Casey the dog narrowly survived her encounter with a juvenile cougar. (Submitted photo)

Casey the dog narrowly survived her encounter with a juvenile cougar. (Submitted photo)

Pair of dogs survive cougar attack near Takala Road

Conservation Officer Service says the attack was a rare and isolated occurrence

On October 22, Mary Carr’s two dogs, Casey and Jojo were attacked by a juvenile cougar on her 50 acre property on Takala Road. Carr and a friend intervened right as the cougar was poised over Casey.

“The cougar was scared off when they saw a person, and heard us calling for Casey,” Carr said.

Carr rushed the dogs to Chase River Animal Hospital. Jojo was treated for relatively minor wounds, but Casey had to be treated at Boundary Bay Veterinary Specialty Hospital in Vancouver. She underwent an eight hour surgery to remove a bone fragment from her brain. One of her eyes was removed as well.

“I thought Casey was dead, and we were lucky that Jojo wasn’t, but when she showed signs of life we just went for it. It’s been a surprise for everybody, even the vets, they don’t know of any dogs that have survived a cougar attack,” Carr said.

The Carr’s are ecstatic that Casey is expected to recover; however, the family incurred $30,000 in vet bills for her life saving care.

“We racked up our credit cards to the limit to the point that when we were coming back from Langley… we realized we didn’t account for the ferry trip back and we needed money for the ferries,” Carr said. “It was only $90, but we limited out our accounts. We scraped together whatever we could just to get on the ferry.”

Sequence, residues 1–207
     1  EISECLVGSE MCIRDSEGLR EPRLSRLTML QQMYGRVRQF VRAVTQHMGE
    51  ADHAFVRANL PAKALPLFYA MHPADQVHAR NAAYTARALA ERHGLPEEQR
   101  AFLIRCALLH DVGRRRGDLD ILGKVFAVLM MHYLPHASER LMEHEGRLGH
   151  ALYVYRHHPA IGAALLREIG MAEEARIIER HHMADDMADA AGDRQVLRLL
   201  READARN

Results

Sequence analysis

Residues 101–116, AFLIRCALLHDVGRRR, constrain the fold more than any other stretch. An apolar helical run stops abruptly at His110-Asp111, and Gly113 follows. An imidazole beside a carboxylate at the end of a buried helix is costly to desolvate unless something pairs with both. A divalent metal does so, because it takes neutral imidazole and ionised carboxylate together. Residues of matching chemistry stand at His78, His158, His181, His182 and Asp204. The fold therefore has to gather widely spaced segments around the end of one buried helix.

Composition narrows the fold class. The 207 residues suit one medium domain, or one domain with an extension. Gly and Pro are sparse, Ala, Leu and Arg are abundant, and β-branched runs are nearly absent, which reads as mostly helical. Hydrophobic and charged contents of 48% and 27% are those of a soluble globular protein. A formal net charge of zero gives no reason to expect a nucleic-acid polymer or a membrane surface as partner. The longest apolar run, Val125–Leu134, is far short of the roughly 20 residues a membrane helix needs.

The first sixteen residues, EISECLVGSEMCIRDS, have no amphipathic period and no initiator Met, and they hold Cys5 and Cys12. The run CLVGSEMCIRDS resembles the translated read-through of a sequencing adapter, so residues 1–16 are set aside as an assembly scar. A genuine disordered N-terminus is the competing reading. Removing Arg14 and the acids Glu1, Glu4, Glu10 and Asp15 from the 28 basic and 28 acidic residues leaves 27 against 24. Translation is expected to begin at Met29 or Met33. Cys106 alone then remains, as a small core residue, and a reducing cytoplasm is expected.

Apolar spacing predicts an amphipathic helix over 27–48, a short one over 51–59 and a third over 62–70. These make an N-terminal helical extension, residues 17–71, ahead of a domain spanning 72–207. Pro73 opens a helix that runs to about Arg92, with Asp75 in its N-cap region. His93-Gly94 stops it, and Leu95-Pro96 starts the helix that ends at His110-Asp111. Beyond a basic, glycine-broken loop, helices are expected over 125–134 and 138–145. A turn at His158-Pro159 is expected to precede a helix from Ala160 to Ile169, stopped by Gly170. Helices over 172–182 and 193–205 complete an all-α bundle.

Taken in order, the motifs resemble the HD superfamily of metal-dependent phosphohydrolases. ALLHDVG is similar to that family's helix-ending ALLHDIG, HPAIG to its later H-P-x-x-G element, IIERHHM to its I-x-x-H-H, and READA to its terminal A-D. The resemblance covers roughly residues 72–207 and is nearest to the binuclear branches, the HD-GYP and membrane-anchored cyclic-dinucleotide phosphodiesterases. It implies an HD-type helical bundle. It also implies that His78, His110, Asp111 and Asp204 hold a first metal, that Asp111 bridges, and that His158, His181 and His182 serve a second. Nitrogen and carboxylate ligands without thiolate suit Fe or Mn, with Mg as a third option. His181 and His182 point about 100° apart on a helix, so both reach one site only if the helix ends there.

A GoFundMe was set up by the Carr family to cover a portion of the expenses. As of Tuesday, November 10, it has reached $6,638 of its $10,000 goal.

“It’s getting up there. I was overwhelmed by the response. We’ve been getting donations from all over the world… Dog lovers from all over the world are seeing this, and they’ve been very supportive. It’s been heartwarming to see,” Carr said.

Conservation Officer, Robin Sano was called out to ‘destroy’ the cougar. Once cougars pose a threat to humans, the Conservation Officer Service has little choice but to shoot them. The Conservation Officer Service only destroys animals when they pose a risk to public safety.

“Because of the nature of the injuries on the animals, we determined it was in the best interest of public safety to hunt down that cat.”

Due to the rare nature of cougar attacks, Sano said that precautions like keeping animals under supervision in a fenced in area, and keeping animals on a leash can easily prevent cougar attacks.

“From a safety perspective there’s a few things: people should avoid walking alone, and should make noise when they’re walking. Pets should always be on leash and in control in the wilderness. A lot of our sightings are early morning, at dawn, or at dusk. So, avoid hiking or using trails with poor sight lines at dawn and dusk when the dangerous predators are most active.”

“If you encounter a cougar, keep calm, never run. If you have small children pick them up. Make yourself look as big as possible, and slowly back away while keeping in the cougar’s view.”

Sano suggests carrying an air horn or a bear spray scare away predators; however he said that clapping, making yourself large, and throwing rocks has proven to be the most effective method of deterring predators in his experience.

Cougars predominant food source is deer — which are abundant on Vancouver Island. As long as their food source remains intact, cougars should pose little risk to humans and their pets.

Sano said that the attack on Casey and Jojo was a rare and isolated incident.

“Cougars are very reclusive, they generally don’t want to be involved with people… but people need to remember we are in cougar and bear country.”

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